CMS Proposes Rule To Shorten 2015 MU Reporting Period

April 13, 2015 in News

On Friday, CMS released a proposed rule that would shorten Medicare and Medicaid meaningful use attestation for eligible professionals and hospitals to a 90-day period in 2015, Modern Healthcare reports (Conn, Modern Healthcare, 4/10).

Under the 2009 economic stimulus package, providers who demonstrate meaningful use of certified electronic health records can qualify for Medicaid and Medicare incentive payments.

Rule Details

CMS said that the proposed rule aims to reduce reporting requirements and enable program participants to focus on advanced use of EHR technology and make improvements in quality to support health data exchange and interoperability (Miliard, Healthcare IT News, 4/10). In addition, the rule seeks to better align requirements under Stage 1 and Stage 2 with recently proposed Stage 3 requirements (Jayanthi, Becker’s Health IT CIO Review, 4/10).

Overall, the proposed rule would:

  • Realign the reporting period starting in 2015 to allow hospitals to participate on the calendar year instead of the current fiscal year period;
  • Reduce the number of meaningful use objectives to improve advanced use of EHRs; and
  • Remove redundant measures and those that have become widely adopted (Healthcare IT News, 4/10).

In addition, the proposed rule would change Stage 2 meaningful use requirements related to patient engagement (HHS proposed rule, 4/10).

For example, CMS proposed reducing the requirement for patients to use technology to electronically download, view and transmit their medical records from 5% of eligible providers’ patients to just one patient (Modern Healthcare, 4/10).

In regard to the reporting period, CMS proposed:

  • In 2015 and 2016, new meaningful use participants would be allowed to attest for any 90-day period within the calendar year;
  • For 2015 only, all eligible providers would be allowed to attest for any 90-day period within the calendar year regardless of their previous participation;
  • For 2015 only, all eligible hospitals and critical access hospitals would be allowed to attest for any 90-day period between Oct. 1, 2014, and Dec. 31, 2014, regardless of their previous participation;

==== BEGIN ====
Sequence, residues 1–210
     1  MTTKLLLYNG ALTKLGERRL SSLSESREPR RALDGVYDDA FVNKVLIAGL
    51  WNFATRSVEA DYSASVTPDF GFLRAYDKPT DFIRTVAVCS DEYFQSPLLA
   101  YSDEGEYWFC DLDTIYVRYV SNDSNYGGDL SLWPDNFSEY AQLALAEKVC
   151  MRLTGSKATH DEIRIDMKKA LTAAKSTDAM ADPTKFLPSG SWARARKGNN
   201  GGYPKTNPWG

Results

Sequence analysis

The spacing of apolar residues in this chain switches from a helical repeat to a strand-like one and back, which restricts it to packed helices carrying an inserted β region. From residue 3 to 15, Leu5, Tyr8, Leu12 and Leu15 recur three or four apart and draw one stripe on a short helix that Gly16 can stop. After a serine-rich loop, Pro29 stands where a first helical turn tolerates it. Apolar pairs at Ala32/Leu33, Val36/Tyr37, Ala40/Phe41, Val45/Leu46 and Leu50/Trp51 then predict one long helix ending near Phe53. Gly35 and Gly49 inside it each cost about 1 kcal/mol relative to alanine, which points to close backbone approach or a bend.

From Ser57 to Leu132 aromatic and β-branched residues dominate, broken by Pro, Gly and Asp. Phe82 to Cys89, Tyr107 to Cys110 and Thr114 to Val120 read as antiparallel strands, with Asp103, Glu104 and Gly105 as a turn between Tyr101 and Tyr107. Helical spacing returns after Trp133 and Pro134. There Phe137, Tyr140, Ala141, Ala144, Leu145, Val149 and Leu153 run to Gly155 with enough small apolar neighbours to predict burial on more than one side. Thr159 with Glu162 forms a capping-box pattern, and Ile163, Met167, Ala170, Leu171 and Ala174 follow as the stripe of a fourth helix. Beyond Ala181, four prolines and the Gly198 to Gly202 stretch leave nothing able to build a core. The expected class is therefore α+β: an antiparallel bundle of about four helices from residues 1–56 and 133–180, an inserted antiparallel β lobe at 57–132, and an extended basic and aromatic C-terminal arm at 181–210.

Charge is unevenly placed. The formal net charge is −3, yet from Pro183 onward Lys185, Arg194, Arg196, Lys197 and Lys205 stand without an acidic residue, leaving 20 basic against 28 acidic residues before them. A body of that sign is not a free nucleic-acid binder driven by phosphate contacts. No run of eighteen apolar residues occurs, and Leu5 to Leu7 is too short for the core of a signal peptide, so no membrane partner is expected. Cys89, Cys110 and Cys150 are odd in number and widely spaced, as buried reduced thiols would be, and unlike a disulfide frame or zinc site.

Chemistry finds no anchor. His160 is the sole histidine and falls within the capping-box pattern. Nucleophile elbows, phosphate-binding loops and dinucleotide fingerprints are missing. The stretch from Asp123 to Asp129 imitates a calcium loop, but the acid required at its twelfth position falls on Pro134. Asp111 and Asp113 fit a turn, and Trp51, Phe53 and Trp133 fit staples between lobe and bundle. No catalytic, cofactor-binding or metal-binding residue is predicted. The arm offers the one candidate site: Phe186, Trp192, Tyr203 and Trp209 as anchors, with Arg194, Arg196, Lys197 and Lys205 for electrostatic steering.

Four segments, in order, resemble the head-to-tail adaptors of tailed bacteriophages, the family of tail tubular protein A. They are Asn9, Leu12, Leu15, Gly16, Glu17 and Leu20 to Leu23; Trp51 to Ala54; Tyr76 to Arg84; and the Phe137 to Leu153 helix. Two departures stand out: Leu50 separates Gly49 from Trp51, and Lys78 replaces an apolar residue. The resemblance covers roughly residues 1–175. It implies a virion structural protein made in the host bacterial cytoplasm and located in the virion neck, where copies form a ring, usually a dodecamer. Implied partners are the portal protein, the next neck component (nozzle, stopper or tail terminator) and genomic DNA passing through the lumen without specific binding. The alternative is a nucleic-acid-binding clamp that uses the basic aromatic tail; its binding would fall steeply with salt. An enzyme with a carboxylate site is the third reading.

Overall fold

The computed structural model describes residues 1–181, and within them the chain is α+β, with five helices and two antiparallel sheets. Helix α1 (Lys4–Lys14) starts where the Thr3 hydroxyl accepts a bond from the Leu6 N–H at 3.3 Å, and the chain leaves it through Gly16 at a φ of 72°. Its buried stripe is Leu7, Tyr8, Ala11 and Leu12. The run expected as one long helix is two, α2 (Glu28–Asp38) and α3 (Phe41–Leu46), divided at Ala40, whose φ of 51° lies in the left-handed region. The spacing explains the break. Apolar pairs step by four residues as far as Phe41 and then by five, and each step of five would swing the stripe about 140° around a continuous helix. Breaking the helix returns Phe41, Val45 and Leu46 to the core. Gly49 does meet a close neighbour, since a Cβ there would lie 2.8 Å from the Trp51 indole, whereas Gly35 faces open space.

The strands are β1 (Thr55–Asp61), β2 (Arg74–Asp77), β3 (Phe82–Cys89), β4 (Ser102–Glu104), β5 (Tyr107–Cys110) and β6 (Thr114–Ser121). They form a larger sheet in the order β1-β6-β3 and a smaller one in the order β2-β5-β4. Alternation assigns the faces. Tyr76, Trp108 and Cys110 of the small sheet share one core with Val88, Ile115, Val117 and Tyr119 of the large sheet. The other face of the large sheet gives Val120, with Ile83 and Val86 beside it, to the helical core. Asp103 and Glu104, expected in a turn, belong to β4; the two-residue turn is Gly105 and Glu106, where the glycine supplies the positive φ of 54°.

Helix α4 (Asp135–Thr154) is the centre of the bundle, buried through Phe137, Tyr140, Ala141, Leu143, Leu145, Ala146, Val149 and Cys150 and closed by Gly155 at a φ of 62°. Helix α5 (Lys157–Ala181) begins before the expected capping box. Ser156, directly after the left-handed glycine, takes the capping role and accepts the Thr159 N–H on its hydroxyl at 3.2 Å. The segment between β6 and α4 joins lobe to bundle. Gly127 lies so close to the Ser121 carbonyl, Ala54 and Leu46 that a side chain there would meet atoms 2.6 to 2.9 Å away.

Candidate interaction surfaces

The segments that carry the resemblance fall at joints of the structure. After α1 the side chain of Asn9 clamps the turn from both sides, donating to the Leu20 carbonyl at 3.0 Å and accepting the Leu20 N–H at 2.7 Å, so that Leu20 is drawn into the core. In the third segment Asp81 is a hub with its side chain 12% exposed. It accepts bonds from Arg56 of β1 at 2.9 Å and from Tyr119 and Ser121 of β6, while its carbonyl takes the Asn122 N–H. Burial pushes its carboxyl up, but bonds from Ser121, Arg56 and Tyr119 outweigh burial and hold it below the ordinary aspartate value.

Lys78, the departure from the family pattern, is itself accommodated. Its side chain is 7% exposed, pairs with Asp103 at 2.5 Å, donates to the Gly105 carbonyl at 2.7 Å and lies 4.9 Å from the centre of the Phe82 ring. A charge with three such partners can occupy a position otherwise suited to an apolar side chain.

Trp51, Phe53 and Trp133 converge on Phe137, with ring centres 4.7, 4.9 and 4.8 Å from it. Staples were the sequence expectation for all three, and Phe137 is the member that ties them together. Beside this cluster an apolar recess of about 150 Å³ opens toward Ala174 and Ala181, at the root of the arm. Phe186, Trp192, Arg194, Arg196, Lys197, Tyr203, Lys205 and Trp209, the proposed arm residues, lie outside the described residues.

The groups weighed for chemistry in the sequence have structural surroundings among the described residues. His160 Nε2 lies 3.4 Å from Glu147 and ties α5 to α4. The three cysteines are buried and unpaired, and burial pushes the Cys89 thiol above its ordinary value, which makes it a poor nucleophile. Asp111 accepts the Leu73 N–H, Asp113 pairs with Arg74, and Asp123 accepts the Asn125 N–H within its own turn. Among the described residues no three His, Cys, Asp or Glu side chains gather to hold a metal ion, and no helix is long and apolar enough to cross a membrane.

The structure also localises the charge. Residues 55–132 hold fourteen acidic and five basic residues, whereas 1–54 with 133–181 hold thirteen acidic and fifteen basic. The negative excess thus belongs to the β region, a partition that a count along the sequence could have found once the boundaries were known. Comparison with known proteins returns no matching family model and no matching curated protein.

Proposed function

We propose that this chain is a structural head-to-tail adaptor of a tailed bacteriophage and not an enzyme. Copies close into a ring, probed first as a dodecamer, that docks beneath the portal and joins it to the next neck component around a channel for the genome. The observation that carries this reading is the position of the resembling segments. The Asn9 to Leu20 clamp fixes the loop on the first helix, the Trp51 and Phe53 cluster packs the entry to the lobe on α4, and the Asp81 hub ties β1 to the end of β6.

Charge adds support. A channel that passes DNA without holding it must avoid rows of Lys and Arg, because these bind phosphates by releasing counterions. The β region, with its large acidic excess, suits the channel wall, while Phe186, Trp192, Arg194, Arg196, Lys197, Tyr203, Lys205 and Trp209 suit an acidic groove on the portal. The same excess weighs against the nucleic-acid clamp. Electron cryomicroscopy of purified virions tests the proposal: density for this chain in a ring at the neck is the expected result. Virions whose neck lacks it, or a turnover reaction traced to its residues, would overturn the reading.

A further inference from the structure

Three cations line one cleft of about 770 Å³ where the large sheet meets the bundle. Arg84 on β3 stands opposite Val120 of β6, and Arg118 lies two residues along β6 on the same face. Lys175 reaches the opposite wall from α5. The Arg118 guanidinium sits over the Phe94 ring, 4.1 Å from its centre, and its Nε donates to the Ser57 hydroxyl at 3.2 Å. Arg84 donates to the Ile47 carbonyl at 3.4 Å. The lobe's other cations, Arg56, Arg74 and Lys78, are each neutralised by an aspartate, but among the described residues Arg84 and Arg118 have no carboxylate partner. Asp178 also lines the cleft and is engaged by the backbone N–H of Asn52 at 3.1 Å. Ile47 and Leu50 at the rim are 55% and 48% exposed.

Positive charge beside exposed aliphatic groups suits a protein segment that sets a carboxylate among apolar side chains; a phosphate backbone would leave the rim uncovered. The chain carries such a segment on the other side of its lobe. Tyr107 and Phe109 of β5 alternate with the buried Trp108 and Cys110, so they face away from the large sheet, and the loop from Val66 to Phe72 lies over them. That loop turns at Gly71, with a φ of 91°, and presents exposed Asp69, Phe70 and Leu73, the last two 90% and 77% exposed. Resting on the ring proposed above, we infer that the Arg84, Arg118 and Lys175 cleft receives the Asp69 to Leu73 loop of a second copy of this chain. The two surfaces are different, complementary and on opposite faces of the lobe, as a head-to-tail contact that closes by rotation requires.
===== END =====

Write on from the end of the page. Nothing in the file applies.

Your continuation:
• For 2016, all eligible professionals, eligible hospitals and critical access hospitals who are first-time attesters would be allowed to attest for any 90-day period within the calendar year, while returning participants would use a full calendar year reporting period; and
  • For 2017, all providers, regardless of their previous participation, would use a full calendar year reporting period as proposed in the Stage 3 proposed rule (Becker’s Health IT CIO Review, 4/10).

Medicaid eligible professionals and eligible hospitals who are attesting in 2017 for the first time would be exempt from the full calendar year reporting period, according to the proposed rule (HHS proposed rule, 4/10).

CMS will accept public feedback on the proposed rule during a 60-day comment period. A draft final rule could be issued as soon as this summer (Modern Healthcare, 4/10).

Reaction

Stakeholders seem to generally approve of the proposed rule.

HIMSS North America Vice President Carla Smith said her organization is “encouraged that CMS has listened to our members and other stakeholder concerns and included more realistic parameters for providers and hospitals, so they can meet the meaningful use requirements in 2015 and beyond” (Healthcare IT News, 4/10).

Robert Tennant, senior policy adviser with the Medical Group Management Association, called the proposed rule a “very important step for the agency.” He said, “The 90-day reporting period was absolutely critical if we were to continue on the path to success” (Modern Healthcare, 4/10).

The American Hospital Association in a statement also praised the rule for providing “some much needed relief on meaningful use regulations.” However, AHA cautioned that “the inclusion of numerous additional program changes at this late date risks causing confusion and added burden for hospitals on top of the elements proposed in the Stage 3 rule” (AHA release, 4/10).

Meanwhile, a group called the Alliance4Health is opposed to CMS’ proposal to reduce the patient engagement requirement for Stage 2. The group has created a petition on Change.org that calls on CMS not ease those requirements (Gold et al., “Morning eHealth,” Politico, 4/13).

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